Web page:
The warranty on this treadmill is impressive, with a lifetime cover on the frame and 5 years on parts. 

Pros:

  • 400 lb max user weight
  • Max speed 12 mph
  • 0-15 degrees incline
  • 11 built-in workout programs

Cons:

  • Does not have a decline function

Bowflex is most well known for their unique range of resistance training machines featuring power rod technology. However, they also produce a range of treadmills. The Bowflex TXT 216 has a very solid 340-pound frame that can handle a max user weight of 400 pounds. That makes this a great option for overweight people. 

The Bowflex TXT 216 is powered by a 4 CHP motor, giving a top speed of 12 miles per hour. The running bed features patented cushioning technology to reduce foot impact on your joints. You also get 0-15 degrees incline to ramp up your training intensity. Eleven workouts have been built into this treadmill to provide you with a range of workout options designed by leading fitness professionals. 

The TXT 216 comes with a wireless heart rate chest strap monitor.

This is a foldable treadmill. It also has rollers. That means that you can simply fold it and roll it away after your workout. 

Pros:

  • Max user weight 400 lbs
  • Very sturdy
  • Patented roller deck running bed
  • Precision bearings

Cons:

  • Heavy

The SpeedFit Sprint Treadmill is a curved manual treadmill that requires you to work harder than when running on a motorized treadmill. This allows you to burn up to 30 percent more calories. The frame on this machine is pretty heavy, weighing in at 308 pounds. But it is also very solid, allowing for a max user weight of 400 pounds. That is good news for sprinters, as it means that you will remain stable even when running at full speed.

The SpeedFit Sprint running deck is unique, even when compared to other curved treadmills. That’s because it features a patented roller deck designed known as SpeedBoard Pro XL. Precision bearing and very strong rubber make the running bed even more impressive.

Pros:

  • Max Speed 12 mph
  • 22 x 62-inch running belt
  • Enhanced shock absorbency
  • 8 workout programs

Cons:

  • Larger than normal footprint

The 3G Cardio Elite Runner is a serious treadmill that is designed for serious runners. The running bed on this machine is the largest on the list, at 22 inches by 62 inches. It is very well built, with a strong frame that handles a max user weight of 400 pounds. The running belt features 3G’s Otho Flex Shock Absorbency system to minimize the impact on your joints.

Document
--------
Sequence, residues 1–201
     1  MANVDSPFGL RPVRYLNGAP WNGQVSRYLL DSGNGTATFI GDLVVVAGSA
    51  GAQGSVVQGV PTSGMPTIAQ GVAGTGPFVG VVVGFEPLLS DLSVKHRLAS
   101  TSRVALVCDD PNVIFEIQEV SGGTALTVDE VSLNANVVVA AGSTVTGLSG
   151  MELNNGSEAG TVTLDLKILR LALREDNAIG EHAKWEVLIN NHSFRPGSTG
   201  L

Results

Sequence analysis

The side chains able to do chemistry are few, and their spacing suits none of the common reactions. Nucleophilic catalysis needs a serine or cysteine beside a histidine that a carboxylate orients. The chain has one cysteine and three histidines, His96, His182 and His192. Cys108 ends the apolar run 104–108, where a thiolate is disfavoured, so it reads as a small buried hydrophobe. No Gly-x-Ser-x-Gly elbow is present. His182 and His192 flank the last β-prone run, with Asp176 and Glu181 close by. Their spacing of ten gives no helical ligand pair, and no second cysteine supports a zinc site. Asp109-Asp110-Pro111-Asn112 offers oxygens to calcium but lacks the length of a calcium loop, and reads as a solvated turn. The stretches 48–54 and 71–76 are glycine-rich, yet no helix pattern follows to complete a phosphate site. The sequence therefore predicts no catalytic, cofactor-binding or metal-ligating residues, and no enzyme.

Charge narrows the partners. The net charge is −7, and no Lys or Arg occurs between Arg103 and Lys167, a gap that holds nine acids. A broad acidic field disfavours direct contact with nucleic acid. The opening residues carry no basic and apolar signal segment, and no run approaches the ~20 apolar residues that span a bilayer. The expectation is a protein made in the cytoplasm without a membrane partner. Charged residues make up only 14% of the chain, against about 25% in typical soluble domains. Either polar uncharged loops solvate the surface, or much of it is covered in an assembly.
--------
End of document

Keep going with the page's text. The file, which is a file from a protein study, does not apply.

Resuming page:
The 3G Cardio Elite Runner features wider than normal side platforms, making it easier to get in and off the running bed. The wide platforms are also great if you are doing HIIT training and have to jump your feet to the sides of the running belt during the workout. 

There are 8 workout programs built into this treadmill’s console. It has a maximum speed of 8 miles per hour and includes an incline function for hill sprints. 

Pros:

  • Affordable
  • Max speed 12 miles per hour
  • Folding
  • Incline function

Cons:

  • Running bed limited to 55 inches in length

The Schwinn 830 treadmill is a budget model treadmill that is suitable for sprinting. It features a 2.75 CHP motor that delivers a maximum speed of 12 miles per hour. The running belt is impressively wide for the price of this unit at 20 inches. However, the 55-inch bed length may not be able to comfortably accommodate larger runners.

The Schwinn 830 is a folding treadmill that features the Drop Soft folding mechanism. This allows you to fold and unfold the treadmill with just the touch of a button. The incline goes up to 12 degrees, which is a little less than most other treadmills on this list, but still good for the price. SoftTrack cushioning reduces the impact on your joints. 

There are an impressive 22 workout programs with this treadmill and it has a maximum user weight of 300 pounds.

Pros:

  • Max user weight of 324 lbs
  • ProShox cushioning
  • Max speed 10 mph

Cons:

  • Quite noisy

The ProForm 505 CST treadmill is a popular, affordable offering from ProForm. It offers a maximum user weight of 325 pounds and has a running belt that measures 20 x 55 inches. ProShox cushioning provides extra joint protection for your ankles and knees. There are 18 preset workout programs built into this machine and is iFit enabled.